Francine is applying for Queen’s Counsel and is determined to prove her worth: “’How many state-school-educated QCs are there…How many women, Northerners, ethnic minorities … The very top end of our profession is still full with white upper-middle, Oxbridge men…’” Then she meets Martin Joy. Seeking a divorce, he sweeps in to Francine’s office and the attraction is instant. A chance encounter in Selfridge’s sees Francine being wooed by the handsome millionaire: “He pushed his shirtsleeves up and I noticed what good forearms he had: strong and tanned with a light trail of hair across the top.” Within hours, the lawyer is “in love” and seems to have repressed all her legal training. She has also forgotten the small detail of her bipolar pills: “I had missed taking my medication last night and this morning, and I knew I would soon feel a comedown, or panic or derailment, but for now, my mind was consumed by him and all felt well.”
Francine is loving the wining and dining, the Aston Martin and lavish properties: “we were the beautiful people, sophisticated and urbane.” What could go wrong? A missing wife, that’s what. Donna fails to appear in court and questions are asked. Martin suggests she has probably jetted off “for a detox” and will return to Chelsea “tanned, ten pounds lighter.” Briefly, Francine considers the alternative: “I’d heard about Missing White Woman Syndrome before … Donna Joy wasn’t just blonde, white and beautiful. She was estranged from her millionaire hedge fund banker husband.” The plot becomes gloopier when Francine ‘remembers’ following her client; seeing him with Donna on the night she disappeared.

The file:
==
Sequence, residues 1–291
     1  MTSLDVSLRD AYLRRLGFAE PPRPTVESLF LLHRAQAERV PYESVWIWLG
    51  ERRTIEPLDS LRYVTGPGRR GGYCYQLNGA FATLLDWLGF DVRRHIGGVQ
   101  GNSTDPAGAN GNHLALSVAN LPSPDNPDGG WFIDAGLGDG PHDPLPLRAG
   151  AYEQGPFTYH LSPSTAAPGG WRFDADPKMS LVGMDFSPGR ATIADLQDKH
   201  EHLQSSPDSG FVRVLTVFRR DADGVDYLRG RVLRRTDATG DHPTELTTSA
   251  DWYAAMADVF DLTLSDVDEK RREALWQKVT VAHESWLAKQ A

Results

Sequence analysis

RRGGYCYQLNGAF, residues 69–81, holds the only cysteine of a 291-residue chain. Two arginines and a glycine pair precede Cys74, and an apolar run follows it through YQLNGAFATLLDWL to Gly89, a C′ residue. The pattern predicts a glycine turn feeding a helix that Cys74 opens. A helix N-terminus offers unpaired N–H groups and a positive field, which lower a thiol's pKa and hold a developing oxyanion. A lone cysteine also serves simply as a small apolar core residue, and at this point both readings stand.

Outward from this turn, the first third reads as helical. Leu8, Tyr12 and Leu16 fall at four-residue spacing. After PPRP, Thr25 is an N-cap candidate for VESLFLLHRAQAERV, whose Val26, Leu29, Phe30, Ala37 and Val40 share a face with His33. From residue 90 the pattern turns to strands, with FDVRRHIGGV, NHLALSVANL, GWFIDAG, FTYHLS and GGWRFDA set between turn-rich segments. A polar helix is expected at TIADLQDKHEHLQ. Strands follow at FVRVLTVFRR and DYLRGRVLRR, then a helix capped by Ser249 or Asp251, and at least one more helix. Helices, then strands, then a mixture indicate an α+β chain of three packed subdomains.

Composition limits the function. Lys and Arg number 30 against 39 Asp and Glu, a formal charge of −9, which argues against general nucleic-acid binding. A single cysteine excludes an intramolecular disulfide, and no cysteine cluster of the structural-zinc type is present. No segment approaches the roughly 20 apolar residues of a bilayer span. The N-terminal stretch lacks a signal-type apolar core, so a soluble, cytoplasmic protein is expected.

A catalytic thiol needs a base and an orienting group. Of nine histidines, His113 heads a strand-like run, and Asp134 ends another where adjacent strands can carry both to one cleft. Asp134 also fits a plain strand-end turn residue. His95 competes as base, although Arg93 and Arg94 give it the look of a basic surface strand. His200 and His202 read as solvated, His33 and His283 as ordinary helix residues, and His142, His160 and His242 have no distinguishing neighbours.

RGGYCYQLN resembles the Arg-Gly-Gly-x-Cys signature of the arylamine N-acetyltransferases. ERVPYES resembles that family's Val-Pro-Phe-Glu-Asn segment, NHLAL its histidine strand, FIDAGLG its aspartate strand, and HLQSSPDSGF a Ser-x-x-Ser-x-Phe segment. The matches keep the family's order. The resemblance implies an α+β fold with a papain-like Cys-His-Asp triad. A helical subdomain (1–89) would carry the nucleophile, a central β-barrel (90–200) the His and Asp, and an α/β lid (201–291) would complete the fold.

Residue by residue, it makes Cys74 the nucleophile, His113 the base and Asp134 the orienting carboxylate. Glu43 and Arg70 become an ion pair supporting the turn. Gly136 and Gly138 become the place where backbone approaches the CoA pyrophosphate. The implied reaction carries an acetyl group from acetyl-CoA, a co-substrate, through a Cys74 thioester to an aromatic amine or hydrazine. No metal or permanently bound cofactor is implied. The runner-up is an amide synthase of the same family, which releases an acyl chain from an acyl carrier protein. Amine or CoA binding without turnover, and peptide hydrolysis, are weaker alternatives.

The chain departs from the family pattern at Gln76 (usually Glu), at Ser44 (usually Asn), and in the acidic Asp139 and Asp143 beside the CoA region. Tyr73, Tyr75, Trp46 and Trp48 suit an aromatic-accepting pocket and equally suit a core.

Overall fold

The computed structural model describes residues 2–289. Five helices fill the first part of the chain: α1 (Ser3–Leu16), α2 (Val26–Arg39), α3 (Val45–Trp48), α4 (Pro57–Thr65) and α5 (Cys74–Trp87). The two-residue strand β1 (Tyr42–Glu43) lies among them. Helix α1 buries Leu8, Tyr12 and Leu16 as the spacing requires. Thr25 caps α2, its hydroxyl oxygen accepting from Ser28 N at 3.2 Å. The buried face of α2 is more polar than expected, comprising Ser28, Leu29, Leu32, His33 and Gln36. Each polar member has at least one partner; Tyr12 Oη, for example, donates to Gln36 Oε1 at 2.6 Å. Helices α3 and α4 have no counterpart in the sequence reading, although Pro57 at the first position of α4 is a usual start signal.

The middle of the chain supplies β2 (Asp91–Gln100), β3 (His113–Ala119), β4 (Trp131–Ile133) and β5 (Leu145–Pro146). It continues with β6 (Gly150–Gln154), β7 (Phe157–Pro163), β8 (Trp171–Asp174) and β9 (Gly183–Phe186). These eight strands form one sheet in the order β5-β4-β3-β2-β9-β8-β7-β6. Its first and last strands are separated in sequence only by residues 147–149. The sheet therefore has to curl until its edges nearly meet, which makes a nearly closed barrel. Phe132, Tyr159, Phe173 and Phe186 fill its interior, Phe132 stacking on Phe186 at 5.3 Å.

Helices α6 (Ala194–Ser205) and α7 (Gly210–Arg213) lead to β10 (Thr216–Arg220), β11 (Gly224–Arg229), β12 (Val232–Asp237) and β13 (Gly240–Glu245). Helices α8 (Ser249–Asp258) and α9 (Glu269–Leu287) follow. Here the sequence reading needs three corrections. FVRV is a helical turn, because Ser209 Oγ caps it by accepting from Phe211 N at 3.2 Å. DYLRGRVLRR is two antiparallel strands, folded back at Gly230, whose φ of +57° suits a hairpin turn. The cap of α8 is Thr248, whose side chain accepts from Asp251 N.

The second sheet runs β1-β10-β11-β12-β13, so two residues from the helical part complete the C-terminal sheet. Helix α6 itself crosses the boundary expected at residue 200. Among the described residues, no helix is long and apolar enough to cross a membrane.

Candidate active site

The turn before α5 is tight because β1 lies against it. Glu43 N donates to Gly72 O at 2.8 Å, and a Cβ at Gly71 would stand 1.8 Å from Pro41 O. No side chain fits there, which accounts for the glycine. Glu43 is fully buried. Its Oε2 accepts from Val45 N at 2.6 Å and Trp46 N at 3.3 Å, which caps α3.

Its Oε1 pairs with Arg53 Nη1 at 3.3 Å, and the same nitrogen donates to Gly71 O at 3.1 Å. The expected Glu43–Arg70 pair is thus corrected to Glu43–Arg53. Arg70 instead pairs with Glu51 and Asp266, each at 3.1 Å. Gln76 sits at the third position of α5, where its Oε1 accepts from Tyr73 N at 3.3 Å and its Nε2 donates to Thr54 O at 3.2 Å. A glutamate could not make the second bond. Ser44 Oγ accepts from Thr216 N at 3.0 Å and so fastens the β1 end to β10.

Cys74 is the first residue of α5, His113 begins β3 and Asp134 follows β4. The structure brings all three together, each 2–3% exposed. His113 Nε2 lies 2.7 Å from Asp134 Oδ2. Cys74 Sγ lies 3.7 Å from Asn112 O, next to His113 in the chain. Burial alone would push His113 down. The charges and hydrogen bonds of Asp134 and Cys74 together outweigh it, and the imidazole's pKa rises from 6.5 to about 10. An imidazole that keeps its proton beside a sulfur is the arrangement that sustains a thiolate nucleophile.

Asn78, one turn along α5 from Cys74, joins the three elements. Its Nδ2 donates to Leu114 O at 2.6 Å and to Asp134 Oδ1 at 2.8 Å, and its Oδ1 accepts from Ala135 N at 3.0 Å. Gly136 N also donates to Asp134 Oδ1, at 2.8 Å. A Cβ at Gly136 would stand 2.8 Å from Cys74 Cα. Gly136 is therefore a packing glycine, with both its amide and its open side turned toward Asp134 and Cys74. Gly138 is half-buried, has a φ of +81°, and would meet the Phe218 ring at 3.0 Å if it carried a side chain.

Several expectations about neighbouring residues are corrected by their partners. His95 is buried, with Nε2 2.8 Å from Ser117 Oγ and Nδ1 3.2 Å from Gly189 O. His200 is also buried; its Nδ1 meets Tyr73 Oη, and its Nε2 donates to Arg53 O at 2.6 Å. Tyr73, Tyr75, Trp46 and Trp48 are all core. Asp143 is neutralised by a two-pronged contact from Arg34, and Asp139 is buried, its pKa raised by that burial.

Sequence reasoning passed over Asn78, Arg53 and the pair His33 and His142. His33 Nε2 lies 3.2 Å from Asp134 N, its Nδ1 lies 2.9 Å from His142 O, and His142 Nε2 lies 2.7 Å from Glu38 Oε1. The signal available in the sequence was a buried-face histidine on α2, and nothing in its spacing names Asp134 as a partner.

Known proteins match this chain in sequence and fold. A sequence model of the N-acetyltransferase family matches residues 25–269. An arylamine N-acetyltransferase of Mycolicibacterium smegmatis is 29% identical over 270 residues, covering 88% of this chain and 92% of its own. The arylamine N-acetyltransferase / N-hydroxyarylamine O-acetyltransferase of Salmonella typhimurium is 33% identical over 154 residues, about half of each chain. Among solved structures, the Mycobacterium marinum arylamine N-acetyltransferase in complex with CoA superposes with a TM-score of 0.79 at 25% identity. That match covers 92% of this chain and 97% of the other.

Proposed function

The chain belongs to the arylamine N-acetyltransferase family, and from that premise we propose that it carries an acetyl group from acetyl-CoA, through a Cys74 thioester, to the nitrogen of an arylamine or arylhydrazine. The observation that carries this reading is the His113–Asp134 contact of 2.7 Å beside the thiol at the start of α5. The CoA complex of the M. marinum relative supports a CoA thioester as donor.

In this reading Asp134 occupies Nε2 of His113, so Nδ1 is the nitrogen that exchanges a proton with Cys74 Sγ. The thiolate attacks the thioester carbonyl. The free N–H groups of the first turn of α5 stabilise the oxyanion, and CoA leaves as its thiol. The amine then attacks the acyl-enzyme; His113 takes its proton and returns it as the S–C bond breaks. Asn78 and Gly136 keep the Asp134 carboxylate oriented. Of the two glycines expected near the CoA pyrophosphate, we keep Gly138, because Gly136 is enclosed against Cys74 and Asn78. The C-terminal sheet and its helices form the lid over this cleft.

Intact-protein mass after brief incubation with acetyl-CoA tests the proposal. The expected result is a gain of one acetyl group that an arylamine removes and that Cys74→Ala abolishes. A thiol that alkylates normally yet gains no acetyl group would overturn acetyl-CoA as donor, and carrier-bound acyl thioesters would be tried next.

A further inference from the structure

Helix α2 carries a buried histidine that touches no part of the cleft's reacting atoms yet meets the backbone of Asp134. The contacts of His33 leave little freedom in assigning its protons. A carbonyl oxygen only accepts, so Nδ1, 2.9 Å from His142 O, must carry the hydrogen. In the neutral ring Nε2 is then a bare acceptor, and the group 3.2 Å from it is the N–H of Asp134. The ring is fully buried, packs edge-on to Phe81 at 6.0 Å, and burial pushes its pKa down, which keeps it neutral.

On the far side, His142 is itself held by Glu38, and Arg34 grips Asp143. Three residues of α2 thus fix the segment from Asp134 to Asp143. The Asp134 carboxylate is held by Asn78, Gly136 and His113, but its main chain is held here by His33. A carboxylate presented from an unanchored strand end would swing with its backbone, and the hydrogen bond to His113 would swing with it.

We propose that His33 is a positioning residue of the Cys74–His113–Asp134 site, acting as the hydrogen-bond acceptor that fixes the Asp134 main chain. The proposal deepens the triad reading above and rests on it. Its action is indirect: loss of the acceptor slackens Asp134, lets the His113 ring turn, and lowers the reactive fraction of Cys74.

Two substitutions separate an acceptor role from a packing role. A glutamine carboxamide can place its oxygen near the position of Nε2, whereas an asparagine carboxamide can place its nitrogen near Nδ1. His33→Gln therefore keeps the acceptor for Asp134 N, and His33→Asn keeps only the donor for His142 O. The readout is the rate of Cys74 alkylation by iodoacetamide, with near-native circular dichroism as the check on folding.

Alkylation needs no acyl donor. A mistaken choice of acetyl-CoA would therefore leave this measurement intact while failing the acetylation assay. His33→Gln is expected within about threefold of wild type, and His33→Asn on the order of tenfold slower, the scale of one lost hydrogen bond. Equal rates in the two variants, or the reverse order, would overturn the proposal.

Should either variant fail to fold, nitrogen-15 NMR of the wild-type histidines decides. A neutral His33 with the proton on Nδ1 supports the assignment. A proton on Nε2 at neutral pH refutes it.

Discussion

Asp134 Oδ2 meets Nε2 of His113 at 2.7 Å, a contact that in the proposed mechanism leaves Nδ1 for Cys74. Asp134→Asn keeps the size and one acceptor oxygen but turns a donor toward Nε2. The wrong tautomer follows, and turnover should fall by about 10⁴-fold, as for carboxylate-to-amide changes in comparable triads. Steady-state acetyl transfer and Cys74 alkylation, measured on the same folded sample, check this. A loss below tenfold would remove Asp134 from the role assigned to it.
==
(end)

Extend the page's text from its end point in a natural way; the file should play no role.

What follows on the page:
Mine attempts to be on-trend and ripe for TV adaptation; full of hedonistic-lifestyles of the self-entitled. However, it also ticks every cliché box: mental health, alcohol, handsome/wealthy man causing brain fog, sexual assault (not reported), amazingly-patient female friend and forgiving boss. The writing can be beautifully descriptive when detailing the high-end streets of London, but the concept of a high-flying lawyer is rather spoiled by many clangers. While undergoing therapy (of which one ten-minute session seems to do the trick), Francine is asked if she has heard of the term dissociation. “She shakes her head”. Really? Like a Harold Robbins novel from the 80s - sexy and bizarre - but the women of today deserve more than the suggestion that Martin “had the most muscular and tanned forearms that were the very definition of manliness.”
Mine is published by Harper Collins and is available in Hardback and ebook format.